Hypoglycaemia is any episode of blood glucose level less than 4 mmol/L, symptomatic or not. It is a common and potentially serious side effect of the treatment of diabetes with a range of oral hypoglycaemic agents and of course with insulin. The commonest therapeutic agents implicated in hypoglycaemia are sulphonylureas and insulin.

Has the patient had any symptoms at all?

Arguably the most worrying scenario involving hypoglycaemia is the patient who is having repeated episodes of hypoglycaemia but is unaware of them.

'Hypoglycaemia unawareness' arises when hypoglycaemia has been repeated and frequent, leading to habituation to the stimulus and thus down regulation of the usual physiological responses to hypoglycaemia.

This can lead in the worst-case scenario to unheralded loss of consciousness.

Has the patient become tremulous, sweaty, agitated and tachycardic?

These are the classic 'autonomic' symptoms of hypoglycaemia and arise due to sympathetic activation.

Has the patient developed confusion, drowsiness, odd behaviour or difficulty with speech?

These are classic 'neuroglycopaenic' symptoms of hypoglycaemia.

The symptoms arise when the CNS has insufficient glucose (its obligate metabolic substrate) to support cognitive function.

Has the patient had a seizure or lost consciousness?

Advanced neuroglycopaenia results in lowering of the seizure threshold and eventually to unconsciousness.

Has the patient been performing home blood glucose monitoring?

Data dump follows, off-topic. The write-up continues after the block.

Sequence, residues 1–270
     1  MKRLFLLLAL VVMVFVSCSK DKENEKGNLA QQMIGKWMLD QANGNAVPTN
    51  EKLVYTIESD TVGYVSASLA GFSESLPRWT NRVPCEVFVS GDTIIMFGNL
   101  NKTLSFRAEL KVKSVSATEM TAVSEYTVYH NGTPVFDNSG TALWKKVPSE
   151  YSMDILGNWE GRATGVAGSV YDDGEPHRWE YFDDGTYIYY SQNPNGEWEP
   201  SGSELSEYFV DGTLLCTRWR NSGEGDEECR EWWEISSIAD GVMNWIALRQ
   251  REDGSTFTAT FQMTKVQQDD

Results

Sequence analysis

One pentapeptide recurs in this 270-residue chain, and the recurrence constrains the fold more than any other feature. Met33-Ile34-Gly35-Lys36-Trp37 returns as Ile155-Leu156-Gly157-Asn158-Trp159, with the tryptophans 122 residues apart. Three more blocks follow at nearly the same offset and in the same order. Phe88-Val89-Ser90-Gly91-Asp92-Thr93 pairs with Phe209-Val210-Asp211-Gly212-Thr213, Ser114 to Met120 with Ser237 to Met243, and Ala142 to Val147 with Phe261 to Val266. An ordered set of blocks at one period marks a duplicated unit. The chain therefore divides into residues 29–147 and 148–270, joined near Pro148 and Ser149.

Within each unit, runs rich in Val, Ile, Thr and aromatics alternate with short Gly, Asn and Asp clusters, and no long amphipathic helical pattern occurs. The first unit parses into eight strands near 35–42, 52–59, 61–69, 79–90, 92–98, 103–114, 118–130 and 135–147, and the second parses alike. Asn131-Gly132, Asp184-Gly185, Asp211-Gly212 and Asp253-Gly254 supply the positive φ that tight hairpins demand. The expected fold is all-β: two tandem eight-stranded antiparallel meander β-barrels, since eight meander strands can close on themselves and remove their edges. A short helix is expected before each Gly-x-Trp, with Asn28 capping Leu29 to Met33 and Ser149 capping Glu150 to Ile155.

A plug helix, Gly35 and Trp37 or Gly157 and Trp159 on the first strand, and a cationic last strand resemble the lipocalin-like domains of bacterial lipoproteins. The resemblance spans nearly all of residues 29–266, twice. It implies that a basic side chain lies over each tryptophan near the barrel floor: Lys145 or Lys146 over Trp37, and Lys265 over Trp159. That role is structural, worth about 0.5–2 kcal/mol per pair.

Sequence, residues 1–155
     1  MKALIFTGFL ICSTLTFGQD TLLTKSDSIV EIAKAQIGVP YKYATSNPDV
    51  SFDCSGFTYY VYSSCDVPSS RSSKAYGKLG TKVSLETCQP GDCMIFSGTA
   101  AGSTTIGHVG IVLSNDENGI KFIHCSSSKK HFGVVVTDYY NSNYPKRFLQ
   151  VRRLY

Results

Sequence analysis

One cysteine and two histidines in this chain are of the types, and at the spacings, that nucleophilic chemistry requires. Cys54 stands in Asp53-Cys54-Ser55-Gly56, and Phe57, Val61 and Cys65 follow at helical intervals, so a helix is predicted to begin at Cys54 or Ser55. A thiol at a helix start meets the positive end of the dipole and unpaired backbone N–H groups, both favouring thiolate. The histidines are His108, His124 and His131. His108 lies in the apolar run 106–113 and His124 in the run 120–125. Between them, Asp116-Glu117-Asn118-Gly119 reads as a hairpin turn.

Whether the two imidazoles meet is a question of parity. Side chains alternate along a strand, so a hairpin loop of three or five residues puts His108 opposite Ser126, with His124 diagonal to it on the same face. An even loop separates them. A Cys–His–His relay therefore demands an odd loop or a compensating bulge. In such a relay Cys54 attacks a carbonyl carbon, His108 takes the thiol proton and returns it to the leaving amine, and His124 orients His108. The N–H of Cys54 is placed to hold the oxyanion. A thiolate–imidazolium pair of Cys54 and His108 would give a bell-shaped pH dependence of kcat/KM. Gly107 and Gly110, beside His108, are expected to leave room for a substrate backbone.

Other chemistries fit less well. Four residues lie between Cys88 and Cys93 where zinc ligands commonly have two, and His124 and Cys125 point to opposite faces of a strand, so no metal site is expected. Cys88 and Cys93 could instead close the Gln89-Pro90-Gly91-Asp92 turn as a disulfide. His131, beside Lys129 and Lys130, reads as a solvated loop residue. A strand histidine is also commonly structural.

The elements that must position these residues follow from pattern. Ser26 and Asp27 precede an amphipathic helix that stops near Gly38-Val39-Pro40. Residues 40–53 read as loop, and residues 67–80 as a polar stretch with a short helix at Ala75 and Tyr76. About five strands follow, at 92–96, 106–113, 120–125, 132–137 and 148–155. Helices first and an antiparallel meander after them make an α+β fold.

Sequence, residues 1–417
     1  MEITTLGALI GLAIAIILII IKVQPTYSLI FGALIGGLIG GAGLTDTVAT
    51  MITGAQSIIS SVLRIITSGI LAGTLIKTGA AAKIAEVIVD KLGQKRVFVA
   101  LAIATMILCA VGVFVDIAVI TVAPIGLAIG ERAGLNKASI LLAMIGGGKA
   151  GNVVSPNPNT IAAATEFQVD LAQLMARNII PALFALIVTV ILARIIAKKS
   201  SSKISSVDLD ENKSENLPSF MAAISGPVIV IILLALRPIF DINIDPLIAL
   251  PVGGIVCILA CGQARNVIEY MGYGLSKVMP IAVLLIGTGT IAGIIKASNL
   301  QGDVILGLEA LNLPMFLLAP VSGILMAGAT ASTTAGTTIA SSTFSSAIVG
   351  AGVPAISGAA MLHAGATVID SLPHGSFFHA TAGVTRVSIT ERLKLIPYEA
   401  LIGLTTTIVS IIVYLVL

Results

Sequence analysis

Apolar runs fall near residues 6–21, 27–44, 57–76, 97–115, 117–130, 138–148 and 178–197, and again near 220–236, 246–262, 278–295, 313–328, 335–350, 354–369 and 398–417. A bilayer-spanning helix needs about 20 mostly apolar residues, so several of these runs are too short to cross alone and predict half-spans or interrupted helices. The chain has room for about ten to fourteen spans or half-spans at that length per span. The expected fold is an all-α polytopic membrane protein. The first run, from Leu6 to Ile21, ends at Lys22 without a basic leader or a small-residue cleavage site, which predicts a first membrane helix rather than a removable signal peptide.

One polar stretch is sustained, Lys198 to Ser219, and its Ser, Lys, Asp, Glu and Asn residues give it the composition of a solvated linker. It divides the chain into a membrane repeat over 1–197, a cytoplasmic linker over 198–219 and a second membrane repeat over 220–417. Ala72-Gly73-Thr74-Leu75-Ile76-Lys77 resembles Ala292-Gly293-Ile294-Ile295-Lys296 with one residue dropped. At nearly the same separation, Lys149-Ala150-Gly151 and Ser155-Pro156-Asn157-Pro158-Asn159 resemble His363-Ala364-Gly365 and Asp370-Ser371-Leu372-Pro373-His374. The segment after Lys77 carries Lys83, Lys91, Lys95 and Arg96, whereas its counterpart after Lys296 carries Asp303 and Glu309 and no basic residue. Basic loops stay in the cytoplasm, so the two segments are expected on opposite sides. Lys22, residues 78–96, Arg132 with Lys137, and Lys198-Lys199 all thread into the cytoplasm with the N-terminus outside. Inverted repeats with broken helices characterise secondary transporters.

Inspection of the HBGM diary and/or the glucometer is often useful as it may reveal the pattern of hypoglycaemia.

If there is a discernable pattern, and/or an obvious precipitant each time it occurs, then this provides a perfect opportunity to review the patient’s knowledge about various aspects of their self-management in order to reduce the future risk of hypoglycaemia.

What medications does the patient take?

A thorough drug history is essential. Occasionally another medication may be contributing to the problem.

The commonest in this regard is a reducing dose of steroids. Others include ACE inhibitors, anti-malarials and high dose salicylic acid.

Has the patient been ingesting alcohol?

Alcohol is a common precipitant of hypoglycaemia.

Has the patient been exercising?

Exercise is a common precipitant of hypoglycaemia.

Does the patient rotate or vary their injection sites?

Overuse of a single or a restricted number of injection sites leads to 'lipohypertrophy' which in turn causes erratic and unpredictable absorption of insulin, potentially leading to hypoglcyaemia.

Injection sites should be inspected by the doctor.

What type of insulin does the patient take?

Some insulins are slightly more infamous than others for causing hypoglycaemia - these include NPH/isophane insulins, such as insulatard or Hunulin I, and the biphasic insulins, such as Mixtard 30.

The reason is thought to be that the NPH component leads to erratic absorption. For this reason, long acting analogues, such as insulin glargine and insulin detemir, are preferred by many as the background insulin in a basal bolus regimen.

What is the patient’s HbA1c?

An HbA1c below 6.5% (and higher in some patients) should alert the physician to an increased risk of recurrent hypoglycameia and prompt an examination of the home blood glucose monitoring diary or glucometer.

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